Agriculture played an important role in the prosperity and growth of civilizations. Two of the most ancient agricultural tools that helped man live off the land are sickles and scythes. These tools look similar and mistaking one for the other is not hard.
|Requires two hands and more body movement||Requires only one hand to use|
|Invented around 500 BC||Invented around 18000 to 8000 BC|
|Has a bigger blade for efficient cutting||Has a smaller blade|
A scythe is an agricultural tool used for cutting grass and harvesting crops. It was invented around 500 BC and the Europeans started using scythes in the 12th and 13th century for cutting hay. The scythe grew in popularity during the 16th century, as it was more efficient than a sickle and eventually replaced it.
The modern scythe has a curved steel blade measuring 24 to 35 inches (60-90 centimeters) in length mounted on the lower end of the shaft (called a snaith) at a 90-degree angle. The S-shaped shaft is usually 67 inches (170 centimeters) long and is traditionally made of wood or metal. Simpler scythe designs have a straight shaft with offset handles. Newer ones have one or two handles attached at right angles to the shaft. One handle is near the end with the blade, with a second handle near the middle of the shaft. Both handles are usually adjustable.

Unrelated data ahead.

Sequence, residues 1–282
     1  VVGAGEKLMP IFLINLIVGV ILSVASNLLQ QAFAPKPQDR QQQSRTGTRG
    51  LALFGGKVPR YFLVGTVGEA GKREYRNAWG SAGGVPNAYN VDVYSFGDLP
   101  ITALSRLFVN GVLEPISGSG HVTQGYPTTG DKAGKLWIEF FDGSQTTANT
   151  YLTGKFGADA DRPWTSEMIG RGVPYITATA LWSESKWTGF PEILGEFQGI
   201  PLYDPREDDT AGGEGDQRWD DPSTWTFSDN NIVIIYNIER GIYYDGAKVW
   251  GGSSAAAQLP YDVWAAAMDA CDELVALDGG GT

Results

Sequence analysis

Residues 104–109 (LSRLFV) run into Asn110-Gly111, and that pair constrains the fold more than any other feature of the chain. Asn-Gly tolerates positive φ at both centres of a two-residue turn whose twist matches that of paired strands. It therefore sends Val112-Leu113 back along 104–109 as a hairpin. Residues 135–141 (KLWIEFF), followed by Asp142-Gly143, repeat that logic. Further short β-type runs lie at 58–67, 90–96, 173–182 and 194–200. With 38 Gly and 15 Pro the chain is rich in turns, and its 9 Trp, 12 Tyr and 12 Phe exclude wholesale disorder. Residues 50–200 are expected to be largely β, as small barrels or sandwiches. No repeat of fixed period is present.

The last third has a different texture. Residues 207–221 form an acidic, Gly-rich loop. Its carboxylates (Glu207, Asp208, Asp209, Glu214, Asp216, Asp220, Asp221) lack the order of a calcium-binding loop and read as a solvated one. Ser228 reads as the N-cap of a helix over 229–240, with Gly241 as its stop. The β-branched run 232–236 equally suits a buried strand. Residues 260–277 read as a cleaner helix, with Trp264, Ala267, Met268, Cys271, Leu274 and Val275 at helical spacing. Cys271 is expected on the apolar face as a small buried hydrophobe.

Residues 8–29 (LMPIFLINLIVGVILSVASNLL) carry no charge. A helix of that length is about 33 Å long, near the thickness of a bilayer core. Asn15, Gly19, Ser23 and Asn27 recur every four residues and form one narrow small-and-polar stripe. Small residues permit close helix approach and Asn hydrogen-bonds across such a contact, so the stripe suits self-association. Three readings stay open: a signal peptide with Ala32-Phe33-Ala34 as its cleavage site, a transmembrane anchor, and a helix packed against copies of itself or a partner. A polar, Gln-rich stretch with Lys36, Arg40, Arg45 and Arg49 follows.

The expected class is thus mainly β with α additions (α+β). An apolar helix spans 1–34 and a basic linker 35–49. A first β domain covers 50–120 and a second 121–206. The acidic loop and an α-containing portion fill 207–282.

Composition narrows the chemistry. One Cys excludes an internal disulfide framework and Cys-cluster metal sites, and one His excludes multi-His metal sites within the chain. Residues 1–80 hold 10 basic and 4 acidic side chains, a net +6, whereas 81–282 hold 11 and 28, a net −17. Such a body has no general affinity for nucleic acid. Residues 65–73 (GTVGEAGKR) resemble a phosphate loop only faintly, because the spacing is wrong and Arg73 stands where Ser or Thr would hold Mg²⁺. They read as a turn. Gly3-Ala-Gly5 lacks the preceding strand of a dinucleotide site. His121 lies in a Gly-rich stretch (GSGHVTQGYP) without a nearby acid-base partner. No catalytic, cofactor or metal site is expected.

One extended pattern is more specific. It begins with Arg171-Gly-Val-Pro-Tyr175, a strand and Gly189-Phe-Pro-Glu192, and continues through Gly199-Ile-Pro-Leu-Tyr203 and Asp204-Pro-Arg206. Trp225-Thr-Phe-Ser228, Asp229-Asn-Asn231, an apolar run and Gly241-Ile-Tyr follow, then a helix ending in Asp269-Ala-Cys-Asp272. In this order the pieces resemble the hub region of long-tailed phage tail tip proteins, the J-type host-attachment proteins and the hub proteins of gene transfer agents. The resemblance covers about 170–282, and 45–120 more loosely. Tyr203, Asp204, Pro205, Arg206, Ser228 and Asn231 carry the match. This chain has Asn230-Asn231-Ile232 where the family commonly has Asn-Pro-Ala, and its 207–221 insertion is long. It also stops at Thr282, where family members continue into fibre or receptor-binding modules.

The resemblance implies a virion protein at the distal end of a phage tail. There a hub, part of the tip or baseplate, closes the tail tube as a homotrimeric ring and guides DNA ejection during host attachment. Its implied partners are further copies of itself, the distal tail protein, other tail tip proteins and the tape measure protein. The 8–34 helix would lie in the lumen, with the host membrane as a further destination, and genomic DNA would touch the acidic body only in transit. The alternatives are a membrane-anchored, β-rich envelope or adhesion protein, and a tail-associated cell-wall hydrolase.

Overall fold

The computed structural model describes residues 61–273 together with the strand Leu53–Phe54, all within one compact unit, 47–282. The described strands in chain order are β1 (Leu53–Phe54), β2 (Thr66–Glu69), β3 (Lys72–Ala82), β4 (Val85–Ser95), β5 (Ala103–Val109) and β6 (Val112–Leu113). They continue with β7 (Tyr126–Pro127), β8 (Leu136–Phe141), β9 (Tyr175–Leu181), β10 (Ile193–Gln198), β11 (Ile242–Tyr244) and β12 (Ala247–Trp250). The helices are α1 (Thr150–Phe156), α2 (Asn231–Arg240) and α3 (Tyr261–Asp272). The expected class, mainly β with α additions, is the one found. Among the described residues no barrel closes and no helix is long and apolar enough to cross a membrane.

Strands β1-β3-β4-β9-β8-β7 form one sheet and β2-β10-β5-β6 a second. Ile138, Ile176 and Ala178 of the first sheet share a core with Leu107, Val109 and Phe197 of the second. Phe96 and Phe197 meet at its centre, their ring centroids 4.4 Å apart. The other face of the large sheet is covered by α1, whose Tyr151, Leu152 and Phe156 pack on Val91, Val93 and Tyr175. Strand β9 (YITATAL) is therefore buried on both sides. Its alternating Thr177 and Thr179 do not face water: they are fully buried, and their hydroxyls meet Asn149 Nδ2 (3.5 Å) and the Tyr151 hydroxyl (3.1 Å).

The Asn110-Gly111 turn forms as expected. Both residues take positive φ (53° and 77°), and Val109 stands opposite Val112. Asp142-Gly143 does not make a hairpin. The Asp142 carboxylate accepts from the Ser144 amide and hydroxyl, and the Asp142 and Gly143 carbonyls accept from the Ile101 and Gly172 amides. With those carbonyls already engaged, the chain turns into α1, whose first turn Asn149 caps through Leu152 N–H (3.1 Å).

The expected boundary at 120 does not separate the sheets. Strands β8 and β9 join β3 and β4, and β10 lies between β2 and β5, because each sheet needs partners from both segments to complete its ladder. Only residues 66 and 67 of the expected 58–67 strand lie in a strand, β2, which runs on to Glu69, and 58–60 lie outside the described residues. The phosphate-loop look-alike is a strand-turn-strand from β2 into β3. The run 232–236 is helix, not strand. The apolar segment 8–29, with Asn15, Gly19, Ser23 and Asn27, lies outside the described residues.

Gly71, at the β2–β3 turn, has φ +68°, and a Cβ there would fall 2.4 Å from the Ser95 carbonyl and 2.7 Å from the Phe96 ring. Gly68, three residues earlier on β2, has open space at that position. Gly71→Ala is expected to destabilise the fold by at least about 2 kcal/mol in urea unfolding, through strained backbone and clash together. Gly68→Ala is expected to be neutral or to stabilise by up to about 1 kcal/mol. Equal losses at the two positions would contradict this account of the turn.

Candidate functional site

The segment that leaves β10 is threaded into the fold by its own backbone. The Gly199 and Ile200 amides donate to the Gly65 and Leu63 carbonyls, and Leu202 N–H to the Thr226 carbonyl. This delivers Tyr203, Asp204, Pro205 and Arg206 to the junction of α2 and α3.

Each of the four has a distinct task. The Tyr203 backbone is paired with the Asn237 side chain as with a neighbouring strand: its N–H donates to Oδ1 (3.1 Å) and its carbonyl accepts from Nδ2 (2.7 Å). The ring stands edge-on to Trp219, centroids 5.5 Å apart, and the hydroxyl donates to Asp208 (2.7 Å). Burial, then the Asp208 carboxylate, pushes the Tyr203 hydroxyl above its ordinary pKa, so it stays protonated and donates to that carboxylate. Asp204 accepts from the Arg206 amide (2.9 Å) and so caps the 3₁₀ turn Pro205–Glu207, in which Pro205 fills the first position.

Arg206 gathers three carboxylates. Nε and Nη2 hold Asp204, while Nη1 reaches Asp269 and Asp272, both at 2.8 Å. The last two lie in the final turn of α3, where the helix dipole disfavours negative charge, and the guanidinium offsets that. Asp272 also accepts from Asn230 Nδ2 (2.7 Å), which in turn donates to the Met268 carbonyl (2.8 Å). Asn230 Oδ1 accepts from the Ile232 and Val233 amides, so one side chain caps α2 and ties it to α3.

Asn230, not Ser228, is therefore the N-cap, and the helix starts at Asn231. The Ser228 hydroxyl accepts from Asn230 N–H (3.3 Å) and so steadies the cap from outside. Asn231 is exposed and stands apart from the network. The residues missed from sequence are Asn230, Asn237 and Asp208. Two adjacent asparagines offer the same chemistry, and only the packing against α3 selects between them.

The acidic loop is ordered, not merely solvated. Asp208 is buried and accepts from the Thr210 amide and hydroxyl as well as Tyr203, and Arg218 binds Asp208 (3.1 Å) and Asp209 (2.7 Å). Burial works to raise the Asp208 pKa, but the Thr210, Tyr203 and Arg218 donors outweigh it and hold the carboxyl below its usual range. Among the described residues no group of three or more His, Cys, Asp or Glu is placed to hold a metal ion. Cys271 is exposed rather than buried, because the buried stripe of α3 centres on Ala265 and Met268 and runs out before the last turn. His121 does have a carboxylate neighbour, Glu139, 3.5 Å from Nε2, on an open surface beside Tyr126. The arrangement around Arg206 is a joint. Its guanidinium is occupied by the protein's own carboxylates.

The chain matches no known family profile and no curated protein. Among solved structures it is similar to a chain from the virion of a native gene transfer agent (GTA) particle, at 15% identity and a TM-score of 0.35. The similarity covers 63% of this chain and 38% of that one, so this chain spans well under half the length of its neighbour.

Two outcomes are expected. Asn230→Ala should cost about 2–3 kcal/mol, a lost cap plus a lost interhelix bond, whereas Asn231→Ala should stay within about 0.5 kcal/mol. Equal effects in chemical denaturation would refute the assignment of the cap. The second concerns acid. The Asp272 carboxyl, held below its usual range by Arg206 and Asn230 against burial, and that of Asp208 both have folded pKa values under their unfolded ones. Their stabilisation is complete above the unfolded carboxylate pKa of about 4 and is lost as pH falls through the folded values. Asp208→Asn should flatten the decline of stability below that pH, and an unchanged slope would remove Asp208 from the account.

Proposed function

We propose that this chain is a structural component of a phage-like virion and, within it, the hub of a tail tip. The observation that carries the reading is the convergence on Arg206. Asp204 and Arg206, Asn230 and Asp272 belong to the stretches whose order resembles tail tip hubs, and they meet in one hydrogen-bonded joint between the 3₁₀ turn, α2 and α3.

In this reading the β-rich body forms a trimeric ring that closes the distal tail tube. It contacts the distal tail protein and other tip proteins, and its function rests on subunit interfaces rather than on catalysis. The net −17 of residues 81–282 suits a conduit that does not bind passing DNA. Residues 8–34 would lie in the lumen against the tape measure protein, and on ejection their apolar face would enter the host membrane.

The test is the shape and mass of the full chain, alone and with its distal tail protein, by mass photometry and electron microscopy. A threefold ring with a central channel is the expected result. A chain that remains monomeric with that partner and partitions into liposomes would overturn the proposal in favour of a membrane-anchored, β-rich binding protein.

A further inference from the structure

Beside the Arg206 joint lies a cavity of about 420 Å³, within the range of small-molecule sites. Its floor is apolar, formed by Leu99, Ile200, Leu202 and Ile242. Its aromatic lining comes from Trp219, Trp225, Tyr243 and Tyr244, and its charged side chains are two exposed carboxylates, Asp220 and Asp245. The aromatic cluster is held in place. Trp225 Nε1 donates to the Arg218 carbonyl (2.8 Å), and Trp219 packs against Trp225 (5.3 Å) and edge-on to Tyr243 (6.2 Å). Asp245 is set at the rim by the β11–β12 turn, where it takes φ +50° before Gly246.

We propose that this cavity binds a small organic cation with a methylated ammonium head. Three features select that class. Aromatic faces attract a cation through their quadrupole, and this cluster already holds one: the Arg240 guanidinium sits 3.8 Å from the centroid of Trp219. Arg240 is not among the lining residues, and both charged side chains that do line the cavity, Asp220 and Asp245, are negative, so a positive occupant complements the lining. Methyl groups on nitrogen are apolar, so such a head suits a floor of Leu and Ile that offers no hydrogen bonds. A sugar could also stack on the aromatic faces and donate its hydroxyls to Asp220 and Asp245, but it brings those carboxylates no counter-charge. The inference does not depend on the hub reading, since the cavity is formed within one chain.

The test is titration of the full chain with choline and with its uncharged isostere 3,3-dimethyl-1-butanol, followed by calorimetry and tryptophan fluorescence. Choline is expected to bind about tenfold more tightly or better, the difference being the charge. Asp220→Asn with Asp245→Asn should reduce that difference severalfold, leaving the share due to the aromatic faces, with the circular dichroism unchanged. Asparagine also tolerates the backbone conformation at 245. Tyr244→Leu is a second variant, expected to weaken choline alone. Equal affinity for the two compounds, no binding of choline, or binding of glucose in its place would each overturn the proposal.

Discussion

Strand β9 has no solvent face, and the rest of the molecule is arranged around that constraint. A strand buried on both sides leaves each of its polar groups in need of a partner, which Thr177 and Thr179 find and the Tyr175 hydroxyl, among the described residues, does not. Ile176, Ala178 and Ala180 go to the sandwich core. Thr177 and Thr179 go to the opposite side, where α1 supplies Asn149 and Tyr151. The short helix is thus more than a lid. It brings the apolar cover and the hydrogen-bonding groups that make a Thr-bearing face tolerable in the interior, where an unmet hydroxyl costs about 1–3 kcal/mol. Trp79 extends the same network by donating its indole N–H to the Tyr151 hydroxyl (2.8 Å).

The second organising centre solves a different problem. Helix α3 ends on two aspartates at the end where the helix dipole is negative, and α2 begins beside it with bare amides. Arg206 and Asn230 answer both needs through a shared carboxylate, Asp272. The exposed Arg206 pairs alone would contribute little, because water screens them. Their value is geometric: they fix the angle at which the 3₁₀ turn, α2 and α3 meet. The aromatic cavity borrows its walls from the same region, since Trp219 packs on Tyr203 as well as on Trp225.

The sickle is an ancient agricultural hand tool with a curved blade. It was typically for gathering grain crops or mowing dried hay for livestock feed. The sickle evolved into several variants across regions, from the primitive bone and wood sickles of the Stone Age to the smooth-edged steel sickles of the Iron Age. This array of sickle variants can be classified in two groups: the serrated (saw-like edge) blades and the smooth blades.
The inner curve of a sickle is sharp and works on the base of the crop, gathering and slicing the stems at the same time. The crops are either held by one hand into a bunch or left standing free. When one hand is holding the crops, the swiping action goes right to left towards the worker. When the crops are freestanding, the swing comes from the opposite direction.
In some parts of the world the sickle is a traditional weapon. The Madurese people of Indonesia has the chlurit or clurit used for cooking and fighting while the Japanese have the kusarigama, and the Filipinos have the kama. Other names for the sickle are bagging hook, grasshook, rip-hook, reaping hook, swap hook, and brishing hook.
Scythe vs Sickle
So what’s the difference between a scythe and sickle? They both played important roles in the development of agriculture since prehistoric times. While both are used for harvesting crops and cutting grass, the sickle is the forerunner of the scythe.
The scythe is longer than sickle, with a shaft typically measuring 67 inches (170 centimeters) long. It has two handles attached to the shaft at a 90-degree angle and requires both hands to use. A sickle, however, is held with one hand while the other holds crops in place. The scythe is moved steadily from left to right to cut the grass or crops on the ground, taking more skill and body movement than the smaller, shorter sickle.